I particularly enjoyed decorating outside: the different levels of our decks would be strung with yards and yards of little lights, framing the house in part and visible from the road, and the larger bushes in the back yard too would sparkle with their own myriads of little lights. I had hundreds of feet of outdoor extension cords set up in the yard to be able to switch these lights on before each Christmas.
Marie-Hélène introduced the concept of letters to Santa, which became a serious task for several years. They were a bit difficult to manage, because small children who are encouraged to ask Santa for presents can begin to think that anything asked for will arrive Christmas morning. Which is unlikely! As adults, we knew this, and spent a fair bit of time setting their expectations in light of what we knew, not forgetting the year’s budget.
It was fascinating to watch our younger boys work with the various issues raised by these letters. At the age of ten, Charlie established priorities for the dozen presents he listed, and then tried to express contingency plans for them. Not easy tasks, but very cute! Then seven, Alex was more to the point: “I really, really want them!”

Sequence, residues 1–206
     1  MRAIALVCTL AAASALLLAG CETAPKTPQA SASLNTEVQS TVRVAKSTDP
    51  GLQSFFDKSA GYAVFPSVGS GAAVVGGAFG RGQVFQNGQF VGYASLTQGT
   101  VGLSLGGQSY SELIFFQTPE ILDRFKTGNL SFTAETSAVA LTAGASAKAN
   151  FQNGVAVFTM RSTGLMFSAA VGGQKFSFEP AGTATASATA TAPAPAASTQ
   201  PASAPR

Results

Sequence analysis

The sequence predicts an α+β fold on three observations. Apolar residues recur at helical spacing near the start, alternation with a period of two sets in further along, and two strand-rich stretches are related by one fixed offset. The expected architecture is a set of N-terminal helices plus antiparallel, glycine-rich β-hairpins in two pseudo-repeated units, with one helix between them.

We’d have advent calendars for each of the children, normally in the entryway, with little chocolate treats that they were each supposed to eat on the right days. Never did know whether they actually did! But by Christmas Day, there was definitely nothing left.
Also on the culinary front, I would typically bring home a Christmas pudding with brandy butter from World Market, to universal indifference! Love that Christmas pudding!